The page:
Spent Fuel- Comprising about 2% of the volume, spent fuel waste is all of the fission, transmutation and decay products that form in a reactor during the cycle and after shutdown. This category contains hundreds of isotopes, but most have between very short half lifes (less than 1 minute) to mid range half lives ( about 30 years). While the media commonly points to uranium and plutonium in waste this category is actually what you should pay attention to, because these materials can exposure you to greater amounts of radiation in amounts of time. Plus many of these isotopes are beta emitters, which pass through human skin. This contains Cesium 137, Iodine 131, Strontium 90, Xenon 135 etc.

Transuranics- Comprising about 1% of the volume, this category is concerning because these materials typically have long half lives, but also contain hazardous chemical structures. This is where your plutonium 239 is. Most of these materials are formed through transmutation, which occurs when neutrons attach themselves to another isotope changing the isotope. This can lead to rapid changes in half lives and other properties. For example Plutonium 239 is not natural. Plutonium 239 is formed when Uranium 238 attaches another neutron changing into Uranium 239. Uranium 238’s half life is over 4 billion years, but Uranium 239’ s half life is 24 minutes. Uranium 239 decays into Neptunium 239, which decays into Plutonium 239.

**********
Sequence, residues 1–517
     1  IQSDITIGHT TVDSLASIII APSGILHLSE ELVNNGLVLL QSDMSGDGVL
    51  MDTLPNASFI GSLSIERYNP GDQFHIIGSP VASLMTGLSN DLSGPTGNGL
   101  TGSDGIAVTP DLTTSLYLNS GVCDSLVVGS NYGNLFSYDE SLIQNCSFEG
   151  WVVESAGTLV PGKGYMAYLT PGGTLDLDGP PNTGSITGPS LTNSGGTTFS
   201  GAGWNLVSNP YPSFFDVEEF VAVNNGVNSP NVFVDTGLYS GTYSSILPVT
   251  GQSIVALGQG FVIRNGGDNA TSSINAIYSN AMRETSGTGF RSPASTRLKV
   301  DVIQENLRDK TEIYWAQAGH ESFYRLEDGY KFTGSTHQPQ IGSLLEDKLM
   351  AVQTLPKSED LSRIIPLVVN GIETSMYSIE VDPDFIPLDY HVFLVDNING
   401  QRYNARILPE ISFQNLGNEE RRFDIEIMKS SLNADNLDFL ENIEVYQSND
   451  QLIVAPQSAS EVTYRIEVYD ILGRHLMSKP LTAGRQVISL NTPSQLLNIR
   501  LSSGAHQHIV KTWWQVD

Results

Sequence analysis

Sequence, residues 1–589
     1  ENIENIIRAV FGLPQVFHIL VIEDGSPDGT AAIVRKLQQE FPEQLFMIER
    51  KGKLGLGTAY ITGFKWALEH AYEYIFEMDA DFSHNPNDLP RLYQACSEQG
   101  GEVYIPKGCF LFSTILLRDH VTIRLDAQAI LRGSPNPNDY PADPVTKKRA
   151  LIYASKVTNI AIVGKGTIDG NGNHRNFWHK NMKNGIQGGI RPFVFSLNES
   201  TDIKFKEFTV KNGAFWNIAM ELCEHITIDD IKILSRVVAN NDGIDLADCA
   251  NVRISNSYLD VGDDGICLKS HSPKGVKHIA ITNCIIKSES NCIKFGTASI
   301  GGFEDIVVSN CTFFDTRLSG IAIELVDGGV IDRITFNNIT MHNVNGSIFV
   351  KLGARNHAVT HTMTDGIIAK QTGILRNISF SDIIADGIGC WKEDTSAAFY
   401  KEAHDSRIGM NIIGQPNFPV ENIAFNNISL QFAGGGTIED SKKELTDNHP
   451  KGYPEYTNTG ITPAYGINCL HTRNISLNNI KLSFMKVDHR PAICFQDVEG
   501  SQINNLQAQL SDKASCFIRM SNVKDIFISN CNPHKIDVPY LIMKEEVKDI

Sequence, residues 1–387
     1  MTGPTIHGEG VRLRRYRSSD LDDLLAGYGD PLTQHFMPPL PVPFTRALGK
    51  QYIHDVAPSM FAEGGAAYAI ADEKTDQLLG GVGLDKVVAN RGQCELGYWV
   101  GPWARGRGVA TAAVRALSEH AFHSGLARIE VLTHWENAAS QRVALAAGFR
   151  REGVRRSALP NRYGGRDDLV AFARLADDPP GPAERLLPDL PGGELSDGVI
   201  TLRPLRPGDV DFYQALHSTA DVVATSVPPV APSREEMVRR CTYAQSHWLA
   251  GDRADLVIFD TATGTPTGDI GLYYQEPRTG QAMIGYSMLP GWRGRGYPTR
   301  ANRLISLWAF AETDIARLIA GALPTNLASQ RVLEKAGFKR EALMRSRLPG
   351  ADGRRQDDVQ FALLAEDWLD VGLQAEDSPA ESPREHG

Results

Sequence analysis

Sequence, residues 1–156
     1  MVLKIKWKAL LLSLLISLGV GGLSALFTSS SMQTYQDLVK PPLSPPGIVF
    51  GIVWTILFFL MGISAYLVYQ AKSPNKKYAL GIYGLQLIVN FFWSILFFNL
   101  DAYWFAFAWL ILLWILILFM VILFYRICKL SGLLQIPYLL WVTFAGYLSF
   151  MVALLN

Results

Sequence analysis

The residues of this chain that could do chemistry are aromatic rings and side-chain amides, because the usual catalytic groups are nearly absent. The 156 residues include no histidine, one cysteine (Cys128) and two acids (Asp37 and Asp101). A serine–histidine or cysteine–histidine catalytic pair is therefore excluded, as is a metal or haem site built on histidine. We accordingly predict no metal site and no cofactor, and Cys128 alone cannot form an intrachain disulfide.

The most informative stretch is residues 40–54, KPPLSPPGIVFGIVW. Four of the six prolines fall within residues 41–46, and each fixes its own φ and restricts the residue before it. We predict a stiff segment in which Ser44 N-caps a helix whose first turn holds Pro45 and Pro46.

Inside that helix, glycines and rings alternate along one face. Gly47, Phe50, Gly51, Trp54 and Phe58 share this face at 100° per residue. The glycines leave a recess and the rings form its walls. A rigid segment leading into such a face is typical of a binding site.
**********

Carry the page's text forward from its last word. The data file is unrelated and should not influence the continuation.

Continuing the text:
#18

Now that we got the basics of HLW done, let me offer a different proposal than US policy. What would you prefer: Waiting 200,000 years for plutonium decay in a hole, or waiting 390 days for plutonium fission products to become safe?

By throwing all nuclear waste into a depository we would quite literally be throwing away hundreds of billions to trillions of dollars of resources into the ground. If your so concerned about Plutonium 239 waste, then fission Plutonium 239. The most common fission products of Pu-239 are Xenon 134 and Zirconium 103. Xenon 134 is a stable isotope with application in lighting, film, medical and space applications. Zirconium has a 1.3 second half life. If we follow the decay chain from Zirconium it looks like this:
Zr 103 -> Nb103 (1.5 s lf) -> Mo 103* (67.5 s hl) -> Tc 103* (54.2 s lf) -> Ru 103 (39.3 d hlf) -> Rh (stable)